In 2013, the U.S. enacted the Biologics Price Competition and Innovation Act (“BPCIA”), 42 U.S.C. § 262 to allow for abbreviated biologics license applications (“aBLA”) to be filed for complex products which are biosimilar to/interchangeable with FDA-licensed biologics.

The BPCIA provisions regarding the timing and scope of patent infringement lawsuits are complex and differ drastically from those for ANDA litigations. As more and more BPCIA cases are filed, litigants and district courts tackle issues as they arise. The Federal Circuit has addressed a handful of provisions, and continues to be active in BPCIA-related appeals.

Yesterday, a unanimous Federal Circuit addressed another outstanding issue, related to the 180-day commercial marketing notice provision under § 262(l)(8)(A).


By way of summary, the BPCIA specifies when and what actions are conducted between an aBLA Applicant and a Reference Product Sponsor (“RPS”) to identify patents which will be the subject of a patent infringement lawsuit triggered by the aBLA. This framework is colloquially referred to as the “Patent Dance,” and at a high level, the basic steps are:

  • STEP 1:       FDA notifies aBLA Applicant that its application is accepted for review;
  • STEP 2:       Applicant provides application/manufacture process information to RPS;
  • STEP 3:       RPS provides list of allegedly infringed patents; 
  • STEP 4:       Applicant provides non-infringement, invalidity, unenforceability bases for patents;
  • STEP 5:       RPS provides infringement, validity, enforceability bases for patents;
  • STEP 6:       Parties engage in good faith negotiations to agree on patents for assertion or exchange list;
  • § STEP 7:       RPS must file a patent infringement action.

According to the Patent Dance, it is possible that an initial list of patents can be narrowed to (1) a group of patents upon which the RPS and Applicant agree will be asserted in the patent infringement action (Group A); and (2) a group of patents which will not be asserted in the action (Group B).

Second Phase of Litigation – Notice Issues

Even if the Applicant and the RPS engage in the Patent Dance to its conclusion, the Dance itself is not the only mechanism for patent infringement litigation. A second phase of litigation based on Group B patents can be triggered less than 180 days before the Applicant begins marketing its product. Relevant statutory provisions for the second phase of litigation include: 

  • 42 U.S.C. §262(l)(8)(A) — Applicant provides notice of intent to market its product to the RPS not less than 180 days before marketing of the product begins; and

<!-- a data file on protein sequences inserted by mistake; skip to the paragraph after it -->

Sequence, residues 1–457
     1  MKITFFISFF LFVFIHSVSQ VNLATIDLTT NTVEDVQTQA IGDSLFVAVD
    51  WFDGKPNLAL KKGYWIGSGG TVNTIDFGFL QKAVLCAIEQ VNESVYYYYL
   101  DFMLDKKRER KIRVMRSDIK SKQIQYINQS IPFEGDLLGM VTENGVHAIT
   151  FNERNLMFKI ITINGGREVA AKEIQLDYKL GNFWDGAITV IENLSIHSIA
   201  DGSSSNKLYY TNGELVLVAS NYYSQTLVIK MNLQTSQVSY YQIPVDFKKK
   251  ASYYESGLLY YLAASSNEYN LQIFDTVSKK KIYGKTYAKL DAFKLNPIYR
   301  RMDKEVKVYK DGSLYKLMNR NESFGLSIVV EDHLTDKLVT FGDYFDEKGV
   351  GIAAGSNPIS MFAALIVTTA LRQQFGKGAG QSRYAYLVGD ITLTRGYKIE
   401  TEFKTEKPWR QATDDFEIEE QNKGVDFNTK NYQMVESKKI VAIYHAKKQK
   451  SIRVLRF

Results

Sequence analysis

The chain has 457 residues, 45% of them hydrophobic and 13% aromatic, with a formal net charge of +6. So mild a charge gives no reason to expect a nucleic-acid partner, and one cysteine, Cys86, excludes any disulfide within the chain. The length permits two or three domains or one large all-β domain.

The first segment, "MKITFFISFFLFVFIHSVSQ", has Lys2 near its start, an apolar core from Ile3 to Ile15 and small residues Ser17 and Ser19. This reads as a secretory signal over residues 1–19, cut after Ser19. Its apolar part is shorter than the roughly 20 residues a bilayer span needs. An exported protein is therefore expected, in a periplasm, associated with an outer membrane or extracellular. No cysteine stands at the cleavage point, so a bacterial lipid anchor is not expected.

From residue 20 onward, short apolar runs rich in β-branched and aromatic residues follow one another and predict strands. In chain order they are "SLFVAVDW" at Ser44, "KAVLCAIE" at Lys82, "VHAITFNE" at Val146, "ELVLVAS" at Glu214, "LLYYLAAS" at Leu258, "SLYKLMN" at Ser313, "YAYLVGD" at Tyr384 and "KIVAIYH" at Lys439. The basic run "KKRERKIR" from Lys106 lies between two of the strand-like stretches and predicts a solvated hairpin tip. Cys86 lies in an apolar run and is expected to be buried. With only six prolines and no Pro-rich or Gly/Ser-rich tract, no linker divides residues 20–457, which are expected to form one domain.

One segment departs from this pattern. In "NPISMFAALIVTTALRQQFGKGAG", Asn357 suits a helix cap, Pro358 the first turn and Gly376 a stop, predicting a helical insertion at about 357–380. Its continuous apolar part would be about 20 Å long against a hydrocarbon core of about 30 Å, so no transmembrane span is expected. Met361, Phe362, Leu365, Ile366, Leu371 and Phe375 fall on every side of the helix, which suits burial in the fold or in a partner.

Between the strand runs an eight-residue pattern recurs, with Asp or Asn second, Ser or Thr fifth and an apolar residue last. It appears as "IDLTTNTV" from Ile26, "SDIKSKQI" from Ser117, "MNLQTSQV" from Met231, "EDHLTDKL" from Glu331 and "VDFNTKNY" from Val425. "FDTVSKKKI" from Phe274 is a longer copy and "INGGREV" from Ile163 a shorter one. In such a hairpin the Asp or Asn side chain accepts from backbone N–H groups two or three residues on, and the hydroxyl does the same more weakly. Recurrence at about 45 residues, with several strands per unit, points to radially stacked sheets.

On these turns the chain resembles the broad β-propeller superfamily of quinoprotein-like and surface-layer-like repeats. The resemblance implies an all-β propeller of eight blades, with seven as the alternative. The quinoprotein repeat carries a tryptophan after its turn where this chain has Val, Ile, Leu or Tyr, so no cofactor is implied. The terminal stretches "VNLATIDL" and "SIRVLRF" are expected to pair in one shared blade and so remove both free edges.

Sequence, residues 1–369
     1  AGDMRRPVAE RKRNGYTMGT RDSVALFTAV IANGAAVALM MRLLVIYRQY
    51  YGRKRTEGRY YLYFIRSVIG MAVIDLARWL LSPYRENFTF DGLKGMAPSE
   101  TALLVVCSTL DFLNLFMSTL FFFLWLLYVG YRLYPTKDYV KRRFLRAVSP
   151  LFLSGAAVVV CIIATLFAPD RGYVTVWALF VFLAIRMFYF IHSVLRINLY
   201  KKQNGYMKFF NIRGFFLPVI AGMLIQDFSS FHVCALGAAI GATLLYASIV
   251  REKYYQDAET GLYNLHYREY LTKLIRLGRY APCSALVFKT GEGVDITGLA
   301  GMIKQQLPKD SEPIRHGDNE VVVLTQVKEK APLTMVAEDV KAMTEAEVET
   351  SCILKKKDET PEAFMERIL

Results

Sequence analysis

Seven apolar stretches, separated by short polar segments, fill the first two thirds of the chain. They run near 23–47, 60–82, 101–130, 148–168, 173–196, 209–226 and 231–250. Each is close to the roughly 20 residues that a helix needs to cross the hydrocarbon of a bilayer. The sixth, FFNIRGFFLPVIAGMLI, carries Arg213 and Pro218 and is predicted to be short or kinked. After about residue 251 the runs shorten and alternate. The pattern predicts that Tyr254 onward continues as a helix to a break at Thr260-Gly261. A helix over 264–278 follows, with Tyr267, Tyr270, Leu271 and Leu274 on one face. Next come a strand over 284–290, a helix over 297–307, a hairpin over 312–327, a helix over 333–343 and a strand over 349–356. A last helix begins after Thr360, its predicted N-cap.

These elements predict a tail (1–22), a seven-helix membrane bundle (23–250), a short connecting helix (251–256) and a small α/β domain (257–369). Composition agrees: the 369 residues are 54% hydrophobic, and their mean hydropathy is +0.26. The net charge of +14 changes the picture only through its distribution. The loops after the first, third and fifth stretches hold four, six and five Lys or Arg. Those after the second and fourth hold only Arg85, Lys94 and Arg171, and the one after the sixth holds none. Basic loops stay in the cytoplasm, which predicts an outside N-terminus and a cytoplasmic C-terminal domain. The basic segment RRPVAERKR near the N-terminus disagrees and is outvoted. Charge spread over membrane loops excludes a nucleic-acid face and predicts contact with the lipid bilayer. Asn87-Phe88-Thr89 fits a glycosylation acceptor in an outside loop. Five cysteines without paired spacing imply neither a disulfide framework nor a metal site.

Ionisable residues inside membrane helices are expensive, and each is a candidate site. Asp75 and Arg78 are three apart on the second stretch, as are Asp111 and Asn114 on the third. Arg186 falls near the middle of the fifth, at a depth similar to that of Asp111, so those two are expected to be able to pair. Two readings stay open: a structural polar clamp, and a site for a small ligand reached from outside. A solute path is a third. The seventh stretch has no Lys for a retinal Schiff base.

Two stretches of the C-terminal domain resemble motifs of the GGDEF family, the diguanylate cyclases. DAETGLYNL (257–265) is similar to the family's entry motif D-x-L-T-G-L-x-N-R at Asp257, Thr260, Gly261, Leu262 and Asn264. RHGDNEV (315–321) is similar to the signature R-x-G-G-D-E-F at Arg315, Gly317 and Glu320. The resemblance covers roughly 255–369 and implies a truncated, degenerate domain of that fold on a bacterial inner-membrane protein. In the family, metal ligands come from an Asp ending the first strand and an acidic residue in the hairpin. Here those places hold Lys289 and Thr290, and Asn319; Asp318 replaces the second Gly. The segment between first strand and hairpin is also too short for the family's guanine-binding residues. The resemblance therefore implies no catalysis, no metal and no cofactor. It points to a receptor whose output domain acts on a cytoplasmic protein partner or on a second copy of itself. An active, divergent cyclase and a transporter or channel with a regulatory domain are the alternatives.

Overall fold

• 42 U.S.C. §262(l)(8)(B) — For identified but not asserted patents (Group B), the RPS can seek a preliminary injunction based on such patents after the Applicant has provided notice of intent to market its product to the RPS.

Not surprisingly, Applicants do not want to be subject to a new patent infringement lawsuit, and the possibility of a preliminary injunction, less than 180 days before they launch their product(s). Accordingly, an issue has been whether or not the Applicant has to provide notice of intent to market to the RPS and, if so, when?

In early BPCIA litigation, Applicants argued that the 180-day notice can be provided early in the process to the RPS, and Applicants have even argued that they do not have to provide the 180-day notice at all under specific circumstances. 

The Supreme Court clarified that, while it is mandatory, the 180-day noticemay be provided to the RPS either before or after the Applicant has received approval of its product from the FDA. Sandoz Inc. v. Amgen Inc., 137 S. Ct. 1664, 1677-78 (2017).

Genentech v. Immunex and Amgen

In the case at issue, Genentech filed an emergency motion and restraining order with the district court on the premise that Amgen had not complied with the notice of commercial marketing provision of 42 U.S.C. § 262(l)(8)(A) because it had filed supplements to its application. The district court disagreed, siding with Amgen that the approved product remained the same. Upon receipt of that decision, Amgen launched its Mvasi™ product.

On appeal, Genentech argued that although Amgen served a notice of commercial marketing in 2017, Amgen was required to provide a new notice because it subsequently filed supplements to its approved application.  Genentech argued that because Amgen failed to provide a second (and even further) notice(s), Amgen was legally barred from commercially marketing its biosimilar until 180 days after it served such notice.  

In its July 6, 2020 decision, the Federal Circuit sided with Amgen, holding that its first notice satisfied Section 262(l)(8)(A). The Court concluded that despite later supplements to add a manufacturing facility and change the drug label, the biological product itself did not change. Thus, notice with respect to the biological product was met, and there was no need for the biosimilar maker to provide additional notice for each supplemental application concerning the same biological product. The Court also detailed how its interpretation was consistent with the statutory language itself.

This case correctly provides a straight-forward interpretation of the BPCIA, and provides a win for biosimilar makers, as they do not need to provide additional notice – and wait an additional six months – should they amend or supplement their application.

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